Outside the Garden
I hear her little sentence on the phone, distant.
A male voice lashes, buckles underneath hers.
She whispers out secrets: her divorce is final.
This is her job: dirty laundry, another bed, cash
that was and is still under the table—nothing
she can explain. In the picture that is sent to
my phone, she weighs thirty pounds less than
three months ago. I wonder how she understands
this reshaping of her clay. She is her own child,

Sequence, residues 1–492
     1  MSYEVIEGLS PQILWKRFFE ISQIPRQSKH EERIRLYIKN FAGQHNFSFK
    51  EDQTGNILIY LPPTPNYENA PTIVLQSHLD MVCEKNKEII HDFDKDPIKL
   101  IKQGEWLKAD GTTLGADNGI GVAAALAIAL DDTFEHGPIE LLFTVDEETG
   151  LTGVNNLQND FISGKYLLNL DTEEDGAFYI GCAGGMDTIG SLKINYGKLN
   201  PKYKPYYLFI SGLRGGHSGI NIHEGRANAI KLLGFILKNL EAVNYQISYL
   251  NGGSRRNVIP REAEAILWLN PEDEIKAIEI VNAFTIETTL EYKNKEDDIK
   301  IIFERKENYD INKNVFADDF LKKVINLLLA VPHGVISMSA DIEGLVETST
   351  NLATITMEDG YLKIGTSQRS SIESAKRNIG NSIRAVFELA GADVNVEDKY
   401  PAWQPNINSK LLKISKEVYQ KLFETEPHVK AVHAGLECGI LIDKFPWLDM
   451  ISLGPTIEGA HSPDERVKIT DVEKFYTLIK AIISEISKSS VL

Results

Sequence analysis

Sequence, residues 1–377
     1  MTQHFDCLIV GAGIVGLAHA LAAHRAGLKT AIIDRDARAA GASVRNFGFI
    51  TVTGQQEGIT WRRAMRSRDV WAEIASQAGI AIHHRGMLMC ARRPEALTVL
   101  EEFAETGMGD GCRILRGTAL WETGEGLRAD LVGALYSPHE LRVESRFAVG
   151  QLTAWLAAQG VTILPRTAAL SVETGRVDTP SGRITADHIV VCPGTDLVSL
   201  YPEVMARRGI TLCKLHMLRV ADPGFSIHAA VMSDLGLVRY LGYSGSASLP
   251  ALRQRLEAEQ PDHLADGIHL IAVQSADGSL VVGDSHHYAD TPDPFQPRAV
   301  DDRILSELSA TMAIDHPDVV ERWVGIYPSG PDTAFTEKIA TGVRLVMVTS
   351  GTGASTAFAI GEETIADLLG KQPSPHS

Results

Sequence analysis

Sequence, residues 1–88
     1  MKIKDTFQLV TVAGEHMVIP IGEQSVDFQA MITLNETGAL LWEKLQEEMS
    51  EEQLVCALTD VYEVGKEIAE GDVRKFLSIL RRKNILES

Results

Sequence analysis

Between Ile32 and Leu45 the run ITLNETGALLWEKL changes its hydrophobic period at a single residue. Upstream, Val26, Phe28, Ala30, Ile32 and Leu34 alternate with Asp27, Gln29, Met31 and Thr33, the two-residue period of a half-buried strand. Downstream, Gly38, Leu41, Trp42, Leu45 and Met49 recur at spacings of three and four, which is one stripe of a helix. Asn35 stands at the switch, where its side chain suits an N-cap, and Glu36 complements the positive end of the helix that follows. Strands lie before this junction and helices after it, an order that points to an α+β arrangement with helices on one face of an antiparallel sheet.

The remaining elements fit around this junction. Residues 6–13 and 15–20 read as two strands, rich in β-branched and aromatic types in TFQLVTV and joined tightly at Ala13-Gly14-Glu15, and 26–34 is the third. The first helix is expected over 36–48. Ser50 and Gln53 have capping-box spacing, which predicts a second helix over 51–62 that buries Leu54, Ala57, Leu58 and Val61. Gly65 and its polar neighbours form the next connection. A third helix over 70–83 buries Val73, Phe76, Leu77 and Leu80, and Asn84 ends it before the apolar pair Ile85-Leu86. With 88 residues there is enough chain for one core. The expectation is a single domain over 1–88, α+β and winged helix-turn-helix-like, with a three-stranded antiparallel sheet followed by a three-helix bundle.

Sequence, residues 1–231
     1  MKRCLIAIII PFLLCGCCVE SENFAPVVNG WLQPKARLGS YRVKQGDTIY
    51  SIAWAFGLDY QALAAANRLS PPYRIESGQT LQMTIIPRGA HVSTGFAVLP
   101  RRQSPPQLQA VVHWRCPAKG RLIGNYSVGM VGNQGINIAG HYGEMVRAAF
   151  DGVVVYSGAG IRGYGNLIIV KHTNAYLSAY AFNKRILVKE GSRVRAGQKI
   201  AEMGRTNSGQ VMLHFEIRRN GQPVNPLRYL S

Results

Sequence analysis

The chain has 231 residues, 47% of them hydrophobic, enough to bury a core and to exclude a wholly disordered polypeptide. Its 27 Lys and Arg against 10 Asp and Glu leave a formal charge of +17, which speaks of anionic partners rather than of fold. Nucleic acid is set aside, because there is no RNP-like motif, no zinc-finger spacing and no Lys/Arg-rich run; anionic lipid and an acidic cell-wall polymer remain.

her own mother, tilling her fields after a dead season,
letting her legs tilt and shiver in the wind.
On her bright red skin, quaking buds set and shake.
A marvelous eye ignites her soft buoyant petals.
I’m a breath short of knowing, pitifully unatoned.
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